By Frances Harrison
BBC correspondent in Colombo
The Maldives Government has blocked web access to an opposition website, Maldivian exiles in Sri Lanka say.
President Gayoom is Asia's longest-serving leader
The site - set up a few weeks ago - belongs to the Maldivian Democratic Party, whose members include Maldivians living in exile in Sri Lanka.
The party has called on the Maldivian President, Maumoon Abdul Gayoom, to lift restrictions on the website and to
improve his human rights record.
The president began a record sixth term after winning a referendum last month.
No other political parties or candidates contested November's referendum, which gave Mr Gayoom 90% of the vote.
Reconstituted in exile
A statement from the Maldivian Democratic Party said the ban on their site violated the international norms of free speech as well as the Maldivian constitution.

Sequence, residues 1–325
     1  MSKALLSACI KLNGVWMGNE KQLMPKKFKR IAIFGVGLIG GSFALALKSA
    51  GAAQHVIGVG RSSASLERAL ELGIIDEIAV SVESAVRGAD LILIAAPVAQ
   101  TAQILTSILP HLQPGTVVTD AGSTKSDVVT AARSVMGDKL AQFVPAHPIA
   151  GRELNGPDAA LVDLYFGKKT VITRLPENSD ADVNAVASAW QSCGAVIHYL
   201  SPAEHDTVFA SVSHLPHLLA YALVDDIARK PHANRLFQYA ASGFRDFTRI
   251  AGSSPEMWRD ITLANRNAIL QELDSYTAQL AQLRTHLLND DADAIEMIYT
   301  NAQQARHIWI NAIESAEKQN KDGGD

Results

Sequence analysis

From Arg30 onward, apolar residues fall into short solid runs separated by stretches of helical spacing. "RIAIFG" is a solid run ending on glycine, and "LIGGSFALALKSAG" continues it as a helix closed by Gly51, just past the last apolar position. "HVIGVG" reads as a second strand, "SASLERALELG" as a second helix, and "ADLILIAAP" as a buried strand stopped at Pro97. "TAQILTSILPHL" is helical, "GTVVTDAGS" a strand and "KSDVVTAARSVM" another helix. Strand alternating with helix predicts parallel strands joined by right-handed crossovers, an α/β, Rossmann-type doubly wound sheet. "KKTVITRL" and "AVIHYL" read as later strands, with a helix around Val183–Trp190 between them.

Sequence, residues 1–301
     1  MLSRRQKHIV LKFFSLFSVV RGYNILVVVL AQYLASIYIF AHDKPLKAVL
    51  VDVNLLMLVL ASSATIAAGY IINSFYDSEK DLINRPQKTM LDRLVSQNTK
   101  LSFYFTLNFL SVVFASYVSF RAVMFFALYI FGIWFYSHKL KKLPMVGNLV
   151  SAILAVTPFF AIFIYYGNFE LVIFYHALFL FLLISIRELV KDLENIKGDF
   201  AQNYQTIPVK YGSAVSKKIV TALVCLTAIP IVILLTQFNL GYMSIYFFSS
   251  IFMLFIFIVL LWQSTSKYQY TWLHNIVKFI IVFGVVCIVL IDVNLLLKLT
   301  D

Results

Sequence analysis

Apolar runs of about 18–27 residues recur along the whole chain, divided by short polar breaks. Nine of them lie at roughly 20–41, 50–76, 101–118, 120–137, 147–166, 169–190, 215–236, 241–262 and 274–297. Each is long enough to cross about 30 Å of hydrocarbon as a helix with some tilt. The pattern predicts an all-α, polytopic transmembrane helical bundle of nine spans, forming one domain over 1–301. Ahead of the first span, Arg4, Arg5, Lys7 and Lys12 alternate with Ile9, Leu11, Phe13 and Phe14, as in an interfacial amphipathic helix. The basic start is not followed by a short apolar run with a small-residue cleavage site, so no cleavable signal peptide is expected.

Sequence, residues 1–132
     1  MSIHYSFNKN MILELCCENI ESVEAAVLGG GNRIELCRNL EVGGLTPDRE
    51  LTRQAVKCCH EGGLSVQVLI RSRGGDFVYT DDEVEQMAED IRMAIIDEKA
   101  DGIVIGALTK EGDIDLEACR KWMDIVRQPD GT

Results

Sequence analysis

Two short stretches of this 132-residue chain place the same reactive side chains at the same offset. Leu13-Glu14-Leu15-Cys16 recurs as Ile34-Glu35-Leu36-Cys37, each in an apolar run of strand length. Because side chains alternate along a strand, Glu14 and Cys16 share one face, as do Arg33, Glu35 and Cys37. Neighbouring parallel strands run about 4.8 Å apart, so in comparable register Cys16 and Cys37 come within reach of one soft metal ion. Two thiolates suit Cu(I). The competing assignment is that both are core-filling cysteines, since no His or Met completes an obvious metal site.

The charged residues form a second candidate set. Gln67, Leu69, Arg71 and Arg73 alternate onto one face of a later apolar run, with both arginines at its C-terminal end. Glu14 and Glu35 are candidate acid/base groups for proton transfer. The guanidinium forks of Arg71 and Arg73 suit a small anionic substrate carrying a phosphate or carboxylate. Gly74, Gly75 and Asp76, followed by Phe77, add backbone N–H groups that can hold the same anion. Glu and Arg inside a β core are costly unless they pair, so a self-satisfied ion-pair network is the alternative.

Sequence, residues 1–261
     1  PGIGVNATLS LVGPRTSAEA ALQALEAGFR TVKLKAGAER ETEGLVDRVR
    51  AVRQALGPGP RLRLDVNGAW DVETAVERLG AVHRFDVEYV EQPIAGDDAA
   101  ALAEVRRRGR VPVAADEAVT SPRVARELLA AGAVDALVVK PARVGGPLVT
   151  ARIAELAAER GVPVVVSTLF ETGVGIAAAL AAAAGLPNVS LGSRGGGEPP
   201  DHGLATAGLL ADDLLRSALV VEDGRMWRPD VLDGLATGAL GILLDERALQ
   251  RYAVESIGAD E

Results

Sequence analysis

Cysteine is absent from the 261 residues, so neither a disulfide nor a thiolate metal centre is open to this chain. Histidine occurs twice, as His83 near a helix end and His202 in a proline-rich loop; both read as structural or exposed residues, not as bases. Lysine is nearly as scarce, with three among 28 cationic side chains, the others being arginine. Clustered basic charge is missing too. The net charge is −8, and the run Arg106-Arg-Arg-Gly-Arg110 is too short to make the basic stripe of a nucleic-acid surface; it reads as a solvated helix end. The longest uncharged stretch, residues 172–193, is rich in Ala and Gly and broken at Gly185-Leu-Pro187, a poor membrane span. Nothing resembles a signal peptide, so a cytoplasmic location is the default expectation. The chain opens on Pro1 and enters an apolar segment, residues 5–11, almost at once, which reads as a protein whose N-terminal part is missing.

They said the site could still be accessed from abroad.
According to opposition figures in Sri Lanka, the new website was already registering more than 700 visitors a day when the President moved to block it.
The writer and former member of parliament, Mohamed Nasheed - himself arrested several times for articles he wrote in the Maldives - said he felt the ban on the website should be lifted and President Gayoom's best option was to move towards more political pluralism.
The Maldivian Democratic Party was first established two years ago by a group of 40 intellectuals and businessmen in the Maldives, but was prevented from obtaining registration as a political party.
It was then reconstituted in exile last month after political unrest in September in Male indicated discontent was rising with the government there.